вторник, 10 июня 2008 г.

Baseball Records That Will Be Tough to Break

Dan Dent loves sled rides and thinks inner-city children should, too. So the investment banker is inviting a youth - to be chosen from one of Baltimore's Police Athletic League centers - to join him this winter and experience the thrill of whizzing along on a blanket of snow. But what if the city doesn't get enough of the white stuff? No problem; that's not the venue Dent has in mind anyway. He wants to take his guest, all expenses paid, to Alaska for the 1,150-mile Iditarod race, which he's entering for the first time.

No sexist jokes, please, but the lower house of Congress in Colombia is imposing a strict new dress code, effective immediately: no more miniskirts or jeans on the job. Just to be fair, the jeans ban also applies to men. No word yet on whether the Senate will adopt the code too. Baseball Records That Will Be Tough to Break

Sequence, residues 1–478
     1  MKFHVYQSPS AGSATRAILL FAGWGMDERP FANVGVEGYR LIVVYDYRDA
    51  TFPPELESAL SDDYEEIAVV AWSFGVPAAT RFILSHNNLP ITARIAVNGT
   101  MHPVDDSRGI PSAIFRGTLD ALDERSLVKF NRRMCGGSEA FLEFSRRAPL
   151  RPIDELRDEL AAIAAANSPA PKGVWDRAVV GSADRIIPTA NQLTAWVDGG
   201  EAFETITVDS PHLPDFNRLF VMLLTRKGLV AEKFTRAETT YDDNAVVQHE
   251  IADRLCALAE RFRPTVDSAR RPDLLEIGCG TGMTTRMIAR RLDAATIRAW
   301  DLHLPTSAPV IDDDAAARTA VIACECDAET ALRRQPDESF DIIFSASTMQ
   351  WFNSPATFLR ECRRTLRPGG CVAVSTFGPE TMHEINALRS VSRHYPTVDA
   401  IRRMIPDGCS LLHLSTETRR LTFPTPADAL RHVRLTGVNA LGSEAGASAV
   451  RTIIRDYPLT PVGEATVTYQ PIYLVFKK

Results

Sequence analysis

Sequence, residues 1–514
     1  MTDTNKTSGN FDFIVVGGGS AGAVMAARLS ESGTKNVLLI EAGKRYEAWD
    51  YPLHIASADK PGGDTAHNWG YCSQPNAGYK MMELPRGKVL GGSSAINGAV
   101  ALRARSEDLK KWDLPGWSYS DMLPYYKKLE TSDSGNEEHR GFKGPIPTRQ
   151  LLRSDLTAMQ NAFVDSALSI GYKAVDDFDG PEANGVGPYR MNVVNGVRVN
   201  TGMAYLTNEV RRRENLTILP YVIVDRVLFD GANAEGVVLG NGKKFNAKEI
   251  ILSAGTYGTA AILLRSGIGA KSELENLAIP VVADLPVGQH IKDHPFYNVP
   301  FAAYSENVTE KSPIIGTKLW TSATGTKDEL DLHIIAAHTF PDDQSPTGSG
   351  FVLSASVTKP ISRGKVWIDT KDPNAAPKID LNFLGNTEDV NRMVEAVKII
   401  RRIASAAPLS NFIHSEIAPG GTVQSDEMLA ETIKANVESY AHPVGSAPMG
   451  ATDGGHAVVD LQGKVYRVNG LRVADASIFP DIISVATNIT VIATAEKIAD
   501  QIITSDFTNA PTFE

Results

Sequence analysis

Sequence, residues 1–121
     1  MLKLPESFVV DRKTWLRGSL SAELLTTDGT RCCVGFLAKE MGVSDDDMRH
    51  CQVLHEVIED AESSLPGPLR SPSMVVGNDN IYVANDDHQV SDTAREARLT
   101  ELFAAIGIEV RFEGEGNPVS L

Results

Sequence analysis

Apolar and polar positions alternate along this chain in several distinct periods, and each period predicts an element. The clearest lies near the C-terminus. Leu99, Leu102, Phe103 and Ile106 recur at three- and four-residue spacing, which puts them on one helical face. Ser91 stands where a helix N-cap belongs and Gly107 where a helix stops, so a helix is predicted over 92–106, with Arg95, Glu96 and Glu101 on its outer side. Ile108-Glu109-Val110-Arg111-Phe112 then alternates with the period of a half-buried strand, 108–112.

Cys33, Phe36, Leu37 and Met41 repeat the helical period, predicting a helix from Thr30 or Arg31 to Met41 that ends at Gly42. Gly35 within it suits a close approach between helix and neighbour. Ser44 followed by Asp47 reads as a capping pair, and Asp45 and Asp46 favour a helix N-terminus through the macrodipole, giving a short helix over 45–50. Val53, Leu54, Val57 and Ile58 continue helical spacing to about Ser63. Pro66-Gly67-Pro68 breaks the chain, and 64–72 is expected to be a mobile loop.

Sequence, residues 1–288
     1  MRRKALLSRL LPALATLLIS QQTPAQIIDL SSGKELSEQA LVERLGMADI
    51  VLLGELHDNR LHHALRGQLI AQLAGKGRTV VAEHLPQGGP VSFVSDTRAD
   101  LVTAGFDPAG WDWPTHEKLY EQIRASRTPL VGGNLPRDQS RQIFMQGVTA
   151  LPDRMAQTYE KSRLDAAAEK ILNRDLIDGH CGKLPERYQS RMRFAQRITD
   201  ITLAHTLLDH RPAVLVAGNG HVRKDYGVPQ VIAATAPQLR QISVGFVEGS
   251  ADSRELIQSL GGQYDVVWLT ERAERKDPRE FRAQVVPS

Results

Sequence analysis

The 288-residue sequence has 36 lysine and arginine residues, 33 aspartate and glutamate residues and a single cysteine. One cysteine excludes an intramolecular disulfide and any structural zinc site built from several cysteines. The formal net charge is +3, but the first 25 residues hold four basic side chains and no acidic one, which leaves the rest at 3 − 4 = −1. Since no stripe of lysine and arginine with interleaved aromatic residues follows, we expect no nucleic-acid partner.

Lost in the excitement over eclipsing Roger Maris's 1961 home-run record is the possibility that Mark McGwire also could set another single-season record: most walks. McGwire needed 21 more (prior to Thursday night's game) before Babe Ruth's 1923 mark of 170 would be his as well. Here are other long-standing seasonal marks (for hitters and pitchers) that will survive 1998 and perhaps many more years to come:

Batting Average:
Rogers Hornsby (1924) .424 Hits:
George Sisler (1920) 257 Consecutive-game hits:
Joe DiMaggio (1941) 56 Runs:
Billy Hamilton (1894) 196 Runs batted in:
Hack Wilson (1930) 190 Victories:
Jack Chesbro (1904) 41 Shutouts:
Grover Cleveland Alexander (1916) 16 Strikeouts:
Nolan Ryan (1973) 383 Complete games:
Amos Rusie (1893) 50 Appearances:
Mike Marshall (1974) 106

Комментариев нет: